Without these five foundational capabilities, innovation is less likely to succeed — slower to get going, harder to sustain, and importantly, lacking integration. As a result, initiatives are parked alongside the existing customer journeys or company operations and fail to have the desired transformative impact.
The implementation challenge
Many organizations put their efforts into setting up product teams, internal innovation labs or corporate new ventures, and get to work on building a minimum viable product (MVP). When they start engaging the rest of the organization, which they must, problems rapidly emerge — business-as-usual ways of operating and new digital best practices struggle to mesh.
Without a holistic approach to transitioning the organization to a modern digital operating model, the innovation strategy will continually encounter obstacles. But companies have a finite amount of resources, bandwidth and funds. A broad, 'big-bang' transformation is neither feasible nor desirable.
The alternative is to take a 'thin-slice' approach - a deep section running vertically through the organization from top to bottom, front line to the back office, enough to be containable but large enough to demonstrate value creation through adopting new ways of working.
This approach is more manageable. It enables companies to stress-test the impact of new ways of operating, and to implement and adapt iteratively.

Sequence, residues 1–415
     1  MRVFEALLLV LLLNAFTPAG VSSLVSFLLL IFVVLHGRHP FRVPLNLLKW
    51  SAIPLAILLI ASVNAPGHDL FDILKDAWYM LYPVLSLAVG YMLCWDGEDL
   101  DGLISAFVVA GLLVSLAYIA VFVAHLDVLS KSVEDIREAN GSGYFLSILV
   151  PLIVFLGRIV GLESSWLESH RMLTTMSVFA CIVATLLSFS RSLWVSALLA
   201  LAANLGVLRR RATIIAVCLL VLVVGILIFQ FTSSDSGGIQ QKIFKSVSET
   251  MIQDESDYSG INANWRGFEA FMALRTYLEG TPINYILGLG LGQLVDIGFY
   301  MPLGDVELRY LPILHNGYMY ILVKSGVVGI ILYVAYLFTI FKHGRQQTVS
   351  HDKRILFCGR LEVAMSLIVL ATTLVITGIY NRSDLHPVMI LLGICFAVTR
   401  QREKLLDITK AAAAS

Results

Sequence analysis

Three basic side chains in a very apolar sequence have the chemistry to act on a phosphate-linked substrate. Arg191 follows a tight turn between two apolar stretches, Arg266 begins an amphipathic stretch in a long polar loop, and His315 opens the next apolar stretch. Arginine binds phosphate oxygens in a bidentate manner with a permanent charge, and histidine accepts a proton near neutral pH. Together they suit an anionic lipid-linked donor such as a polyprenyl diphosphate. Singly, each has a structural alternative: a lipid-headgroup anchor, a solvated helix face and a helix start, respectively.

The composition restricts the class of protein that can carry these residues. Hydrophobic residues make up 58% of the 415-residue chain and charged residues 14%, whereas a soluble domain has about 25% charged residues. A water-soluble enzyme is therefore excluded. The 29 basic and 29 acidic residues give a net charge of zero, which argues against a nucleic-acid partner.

Innovating through a vertical thin-slice
Start with the end-to-end customer journeys, be it existing or new products/services. Pick the areas that present the most significant opportunity for improvement.
Companies often miss opportunities to significantly improve customer value by failing to challenge and reimagine the customer experience. We have found that businesses typically underperform in key areas such as resolving customer problems/complaints, signing up and onboarding people, cross-channel sales and servicing, and tracking progress on fulfilment of orders. These aren’t always top of mind for organizations chasing innovation headlines, but they are critical to their performance.
Successful innovators excel by making it easier for customers to do business with them, providing radical personalization, removing complexity, automating low-level tasks and delivering cohesive solutions.
For example, a financial services company found more than 60% of customers attracted to the firm's competitive products found the six-day account set up lead time too long to start investing, especially during high market volatility. They were losing business to fintech competitors who were onboarding customers in six minutes or less. Another company that prided itself on the quality of its personal service discovered many customers were happier with self-service for some journey elements. It was more convenient and gave them greater control.
Use customer outcome statements to define how you intend to deliver customer value, i.e. 'I can do/get/see….' and assign measurable indicators to determine if customers are achieving these outcomes.
Next, look at the value stream running from front to back office supporting the customer journey - the people, processes, technology and data feeds. This is your thin slice and provides the focus for a) unlocking customer value and b) implementing the five operational capabilities.